Colorado Springs Military Newspaper Group

Schriever Sentinel

Military parents get a break

Jerzi Parish, daughter of Staff Sgt. Ben Parish, and Lillian Abney, daughter of Master Sgt. Heather Abney, look through the pages of a book together at the Child Development Center here. The CDC offers a variety of activites for children to participate in while their parents get some much needed time to themselves during the Give Parents a Break program here. (U.S. Air Force photo/Staff Sgt. Robert Cloys)

By Staff Sgt. Robert Cloys

50th Space Wing Public Affairs

Parents need breaks; especially from the stresses that often contrast with the joys of parenting. Give Parents a Break, funded by the Air Force Aid Society, understands that and is offering a helping hand.

The program offers parents no-cost child care for specific times and dates each month. GPAB takes place on Friday or Saturday, and alternates between days and nights. Parents in need of break can take their children to the Child Development Center during the specified program times, even if it’s just to snag some much-needed shut eye.

“Give Parents a Break is a great program that allows parents to take a moment to themselves away from the stress of kids,” said Staff Sgt. Ashley Bass, 50th Operations Group Milstar and Advanced Extremely High Frequency evaluator. “My husband is currently deployed, and it has been a difficult year. Having one day a month that I can take for myself is helpful and allows me to spend time with friends that I normally can’t.”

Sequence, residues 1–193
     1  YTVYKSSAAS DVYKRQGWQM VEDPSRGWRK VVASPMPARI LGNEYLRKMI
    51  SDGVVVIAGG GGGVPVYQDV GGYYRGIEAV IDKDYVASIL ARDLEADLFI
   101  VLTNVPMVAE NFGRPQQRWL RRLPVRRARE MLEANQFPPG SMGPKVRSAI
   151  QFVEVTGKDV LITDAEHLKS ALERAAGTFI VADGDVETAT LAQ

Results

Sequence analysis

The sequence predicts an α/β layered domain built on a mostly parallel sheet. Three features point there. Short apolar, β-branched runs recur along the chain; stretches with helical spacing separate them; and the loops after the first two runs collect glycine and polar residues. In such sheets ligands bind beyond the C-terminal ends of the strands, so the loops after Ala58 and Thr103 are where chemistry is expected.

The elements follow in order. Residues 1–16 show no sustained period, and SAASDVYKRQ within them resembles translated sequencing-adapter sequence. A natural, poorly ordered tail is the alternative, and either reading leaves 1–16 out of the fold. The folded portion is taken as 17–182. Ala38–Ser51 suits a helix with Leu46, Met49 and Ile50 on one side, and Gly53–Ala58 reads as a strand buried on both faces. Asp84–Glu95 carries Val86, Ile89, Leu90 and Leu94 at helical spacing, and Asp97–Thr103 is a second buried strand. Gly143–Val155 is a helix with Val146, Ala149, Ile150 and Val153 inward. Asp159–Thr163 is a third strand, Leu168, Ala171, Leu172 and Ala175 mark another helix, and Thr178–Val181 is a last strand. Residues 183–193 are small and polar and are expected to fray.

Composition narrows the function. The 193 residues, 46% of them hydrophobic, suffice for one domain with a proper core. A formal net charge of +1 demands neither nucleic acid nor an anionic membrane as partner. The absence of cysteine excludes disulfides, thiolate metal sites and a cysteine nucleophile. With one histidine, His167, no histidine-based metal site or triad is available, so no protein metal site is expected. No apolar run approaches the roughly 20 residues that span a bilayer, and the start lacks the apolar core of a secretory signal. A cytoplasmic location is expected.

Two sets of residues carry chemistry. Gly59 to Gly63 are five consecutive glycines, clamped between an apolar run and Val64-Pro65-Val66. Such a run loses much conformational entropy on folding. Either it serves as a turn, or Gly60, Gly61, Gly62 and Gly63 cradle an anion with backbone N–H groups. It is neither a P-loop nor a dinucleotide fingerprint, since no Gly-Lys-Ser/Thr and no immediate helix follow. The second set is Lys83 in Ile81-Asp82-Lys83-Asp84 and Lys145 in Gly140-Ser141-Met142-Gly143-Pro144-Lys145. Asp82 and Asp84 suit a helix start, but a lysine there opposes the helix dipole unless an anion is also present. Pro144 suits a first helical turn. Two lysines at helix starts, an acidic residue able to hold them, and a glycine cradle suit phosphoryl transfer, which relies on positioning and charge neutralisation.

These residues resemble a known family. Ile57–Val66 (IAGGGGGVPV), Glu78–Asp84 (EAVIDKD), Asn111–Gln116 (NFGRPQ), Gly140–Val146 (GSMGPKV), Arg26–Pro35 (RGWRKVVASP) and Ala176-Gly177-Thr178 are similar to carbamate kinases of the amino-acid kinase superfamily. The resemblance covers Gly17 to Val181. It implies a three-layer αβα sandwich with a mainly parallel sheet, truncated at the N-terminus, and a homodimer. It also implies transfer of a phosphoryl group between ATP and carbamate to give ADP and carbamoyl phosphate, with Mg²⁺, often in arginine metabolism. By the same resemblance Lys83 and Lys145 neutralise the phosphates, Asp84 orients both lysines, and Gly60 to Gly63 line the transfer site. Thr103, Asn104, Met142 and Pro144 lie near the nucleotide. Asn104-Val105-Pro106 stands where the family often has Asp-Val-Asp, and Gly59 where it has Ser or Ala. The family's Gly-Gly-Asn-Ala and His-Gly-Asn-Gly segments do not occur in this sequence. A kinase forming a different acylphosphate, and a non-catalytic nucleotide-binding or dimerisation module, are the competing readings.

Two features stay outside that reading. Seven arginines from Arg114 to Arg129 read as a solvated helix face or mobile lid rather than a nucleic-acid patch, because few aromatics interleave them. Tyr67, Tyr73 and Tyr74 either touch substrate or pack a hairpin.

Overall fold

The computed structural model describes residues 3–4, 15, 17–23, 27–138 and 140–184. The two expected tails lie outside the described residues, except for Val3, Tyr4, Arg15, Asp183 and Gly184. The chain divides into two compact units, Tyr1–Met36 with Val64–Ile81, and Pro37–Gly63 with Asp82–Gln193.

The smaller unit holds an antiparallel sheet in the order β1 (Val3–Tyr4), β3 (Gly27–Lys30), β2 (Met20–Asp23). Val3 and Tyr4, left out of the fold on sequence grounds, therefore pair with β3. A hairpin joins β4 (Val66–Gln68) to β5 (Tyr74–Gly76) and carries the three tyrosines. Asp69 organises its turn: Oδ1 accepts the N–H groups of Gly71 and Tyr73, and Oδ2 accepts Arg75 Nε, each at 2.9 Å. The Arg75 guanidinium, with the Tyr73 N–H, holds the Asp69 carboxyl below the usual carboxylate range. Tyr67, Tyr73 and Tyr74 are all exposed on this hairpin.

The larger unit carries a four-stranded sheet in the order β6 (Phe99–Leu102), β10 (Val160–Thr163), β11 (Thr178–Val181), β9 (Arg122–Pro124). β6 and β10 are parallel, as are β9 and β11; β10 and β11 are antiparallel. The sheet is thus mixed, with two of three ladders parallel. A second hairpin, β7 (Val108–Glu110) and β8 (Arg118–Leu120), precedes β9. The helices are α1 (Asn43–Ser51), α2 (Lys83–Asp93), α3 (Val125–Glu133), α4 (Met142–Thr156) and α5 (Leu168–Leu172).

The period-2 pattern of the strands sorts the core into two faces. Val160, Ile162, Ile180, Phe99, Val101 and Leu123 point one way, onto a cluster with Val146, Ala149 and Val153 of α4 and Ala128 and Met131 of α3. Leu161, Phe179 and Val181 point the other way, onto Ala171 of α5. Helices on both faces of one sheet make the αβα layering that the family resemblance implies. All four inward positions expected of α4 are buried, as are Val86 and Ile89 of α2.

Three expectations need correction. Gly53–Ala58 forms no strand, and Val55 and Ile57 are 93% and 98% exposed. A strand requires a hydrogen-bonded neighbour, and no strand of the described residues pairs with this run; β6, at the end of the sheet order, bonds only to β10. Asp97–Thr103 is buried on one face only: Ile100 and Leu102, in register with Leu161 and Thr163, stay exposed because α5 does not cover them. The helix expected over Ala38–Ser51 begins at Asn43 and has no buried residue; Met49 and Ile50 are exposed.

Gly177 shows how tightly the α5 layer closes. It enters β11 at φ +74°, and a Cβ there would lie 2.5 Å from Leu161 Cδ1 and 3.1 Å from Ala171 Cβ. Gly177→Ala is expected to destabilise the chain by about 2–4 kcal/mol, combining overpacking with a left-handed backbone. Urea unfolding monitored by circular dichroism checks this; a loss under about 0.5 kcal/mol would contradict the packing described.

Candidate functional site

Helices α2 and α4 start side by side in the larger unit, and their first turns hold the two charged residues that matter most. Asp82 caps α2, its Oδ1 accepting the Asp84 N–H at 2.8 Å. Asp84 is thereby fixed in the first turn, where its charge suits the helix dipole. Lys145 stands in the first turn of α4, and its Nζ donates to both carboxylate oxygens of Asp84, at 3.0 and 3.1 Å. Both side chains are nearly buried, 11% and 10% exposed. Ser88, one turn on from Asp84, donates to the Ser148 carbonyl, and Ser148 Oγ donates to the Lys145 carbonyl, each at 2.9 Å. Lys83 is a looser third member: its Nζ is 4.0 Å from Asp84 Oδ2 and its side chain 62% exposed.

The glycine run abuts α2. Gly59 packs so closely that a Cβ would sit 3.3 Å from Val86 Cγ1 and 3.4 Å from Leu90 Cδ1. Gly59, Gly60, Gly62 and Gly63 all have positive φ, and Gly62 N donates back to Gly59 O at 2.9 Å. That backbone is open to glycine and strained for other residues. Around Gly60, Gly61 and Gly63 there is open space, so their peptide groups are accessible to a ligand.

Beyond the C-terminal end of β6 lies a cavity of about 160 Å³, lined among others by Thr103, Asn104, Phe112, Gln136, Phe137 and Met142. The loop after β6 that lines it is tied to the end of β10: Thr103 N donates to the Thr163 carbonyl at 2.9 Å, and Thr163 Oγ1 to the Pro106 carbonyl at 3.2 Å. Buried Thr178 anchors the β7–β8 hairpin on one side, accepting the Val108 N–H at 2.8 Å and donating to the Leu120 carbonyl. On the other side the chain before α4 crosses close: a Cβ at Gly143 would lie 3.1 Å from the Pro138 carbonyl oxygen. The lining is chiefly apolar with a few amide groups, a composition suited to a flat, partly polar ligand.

Interested parties need a referral to participate. Commanders, first sergeants, chaplains, medical staff and Airman and Family Readiness Center staff are authorized to refer Air Force members to the program.

“It’s a misconception that the program is just for families of deployed members,” said Nancy Seckman, Air Force Aid officer for Schriever. “There are a variety of reasons for which it can be used.”

Parents who are eligible under the provisions of the program and have a completed referral certificate can make a reservation for each session up to 30 days in advance. Reservations are accepted up to Friday the week prior to the break weekend.

Petula Buschert, supervisory education technician at the Child Development Center, said the program has really picked up since it started here in May 2010. However, a minimum of eight children is required to offer the session.

“The parents really appreciate it,” said Buschert. “I have some parents whose sole purpose in using the program is to go to the commissary by themselves.”

Children of all ages have activities to keep them engaged with the teachers while their parents are enjoying some time to themselves, but also have a variety of activities to choose from during their free-play time. Art stations, blocks, LEGOS, video games and water tables are among the activities the center provides.

“We usually read stories too,” said Buschert. “Kids really love just being able to sit back and listen to a good book.”

The next session will be offered from 1 to 5 p.m. Sept. 15. Parents are reminded to make sure that, in addition to the necessary referral paperwork; their children are current on all immunizations.

The sessions following Sept. 15 will be from 7 to 11 p.m. Oct. 19 and 1 to 5 p.m. Nov. 17.

For more information on the GPAB program, contact the Child Development Center at 567-4742.

To Top